American Taxpayers are paying millions to private prison companies for empty prison beds
By April V. Taylor
The advocacy group In The Public Interest, has uncovered some startling facts about contracts between private prison companies and state and local governments all over the country. Language in two-thirds of the more than 60 contracts they reviewed explicitly mentions “quotas” for prisoners. The quotas cover a wide range of minimum mandatory occupancy, with some contracts for prisons in Arizona requiring 100 percent mandatory occupancy. Sixty-five percent of the contracts contained mandatory occupancy provisions that required prisons to remain between 80 and 100 percent full.
Language in two-thirds of the more than 60 contracts they reviewed explicitly mentions “quotas” for prisoners.
The quotas cover a wide range of minimum mandatory occupancy, with some contracts for prisons in Arizona requiring 100 percent mandatory occupancy. Sixty-five percent of the contracts contained mandatory occupancy provisions that required prisons to remain between 80 and 100 percent full.
While mainstream media keeps people distracted with the latest celebrity gossip, private prison companies like The Corrections Corporation of America (CCA) are offering governors in 48 states contracts that would be binding for 20 years. According to In The Public Interest, this particular offer included demands like requiring that prisons remain 90 percent full for the entire 20 years, essentially guaranteeing that multiple generations of future Americans will grow up in a criminalized society that profits from taking their freedom for “petty, frivolous and nonviolent crimes.” Forty-one of the 62 contracts reviewed by the organization had mandatory occupancy requirements, with Arizona, Oklahoma and Virginia having the highest occupancy requirements.
If that isn’t bad enough, many of the contracts that were reviewed imposed fines and penalties for unused facilities, meaning that taxpayers would be paying for a reduction in crime rates by having to pay private prison companies for not being able to make a profit from full prisons. One of the ways private prisons have been working to make sure they are able to maintain maximum occupancy rates is by backing and lobbying for “three-strike” laws that impose decades long mandatory minimum sentences for repeat offenders. One such law saw a Louisiana man get life in prison after being arrested for purchasing $20 worth of marijuana for an undercover agent. What’s worse is the fact that the man was homeless and hungry and the undercover agent promised a five-dollar finder’s fee if he purchased the marijuana for him.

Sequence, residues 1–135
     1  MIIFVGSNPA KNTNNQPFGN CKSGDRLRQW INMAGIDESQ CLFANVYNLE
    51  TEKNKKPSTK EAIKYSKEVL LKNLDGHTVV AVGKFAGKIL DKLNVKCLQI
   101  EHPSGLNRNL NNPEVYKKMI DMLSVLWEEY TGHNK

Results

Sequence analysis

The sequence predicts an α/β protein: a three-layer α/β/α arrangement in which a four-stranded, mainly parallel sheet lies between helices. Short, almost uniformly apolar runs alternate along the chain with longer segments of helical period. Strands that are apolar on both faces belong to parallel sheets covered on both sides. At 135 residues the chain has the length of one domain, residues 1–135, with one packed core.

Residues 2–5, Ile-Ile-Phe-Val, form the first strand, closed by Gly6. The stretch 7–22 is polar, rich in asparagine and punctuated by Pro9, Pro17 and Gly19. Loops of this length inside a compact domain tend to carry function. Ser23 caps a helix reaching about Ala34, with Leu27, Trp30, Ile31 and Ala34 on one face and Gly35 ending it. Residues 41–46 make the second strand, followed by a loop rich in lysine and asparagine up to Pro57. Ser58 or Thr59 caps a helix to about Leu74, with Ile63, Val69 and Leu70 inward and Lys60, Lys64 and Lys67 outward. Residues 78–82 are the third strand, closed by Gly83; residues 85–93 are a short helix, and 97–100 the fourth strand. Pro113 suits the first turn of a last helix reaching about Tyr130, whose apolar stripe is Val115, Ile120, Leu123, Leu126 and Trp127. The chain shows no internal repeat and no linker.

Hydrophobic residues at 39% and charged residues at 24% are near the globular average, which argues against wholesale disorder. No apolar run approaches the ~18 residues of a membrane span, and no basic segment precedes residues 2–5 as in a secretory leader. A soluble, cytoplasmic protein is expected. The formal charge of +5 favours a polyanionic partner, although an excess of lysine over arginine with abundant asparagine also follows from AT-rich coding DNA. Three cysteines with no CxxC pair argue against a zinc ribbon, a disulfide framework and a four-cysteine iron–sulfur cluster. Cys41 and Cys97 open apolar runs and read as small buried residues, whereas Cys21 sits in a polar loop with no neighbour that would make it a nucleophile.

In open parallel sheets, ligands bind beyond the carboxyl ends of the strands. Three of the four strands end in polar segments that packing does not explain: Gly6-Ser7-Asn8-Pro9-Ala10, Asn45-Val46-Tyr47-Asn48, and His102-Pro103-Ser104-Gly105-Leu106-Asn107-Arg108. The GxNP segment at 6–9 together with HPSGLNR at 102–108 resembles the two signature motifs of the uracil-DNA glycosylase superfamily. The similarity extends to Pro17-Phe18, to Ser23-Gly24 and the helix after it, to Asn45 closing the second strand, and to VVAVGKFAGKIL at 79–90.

America already imprisons a higher percentage of its population than any other country in the world. As much as that has to do with private prison companies that treat taking the freedom of human beings as a commodity, it is also fueled by policymakers who have incentives in the form of campaign donations and the like to enact laws that keep prison beds full rather than focusing on long-term policy changes that would reduce prison populations. State and local governments as well as taxpayers are being held hostage by private prison companies with the penalty of not continuing to incarcerate people with no regard for public safety or crime rates costing millions of dollars.
A spokesperson for CCA says that government agencies are sometimes the party that asks for bed guarantees to prevent the company from giving the beds away to another client and to also be able to take advantage of the lowest possible rate. Whether it is the fault of private prison companies or state and local governments, taxpayers are being forced to pay millions of dollars for living in a society that does not produce enough criminals for companies to continue to produce ever increasing profits. As the report from In The Public Trust points out, “Private prisons were intended to be a safety valve to address demand that exceeded public capacity. It was never intended that taxpayers would be the safety valve to ensure private prison companies’ profits.”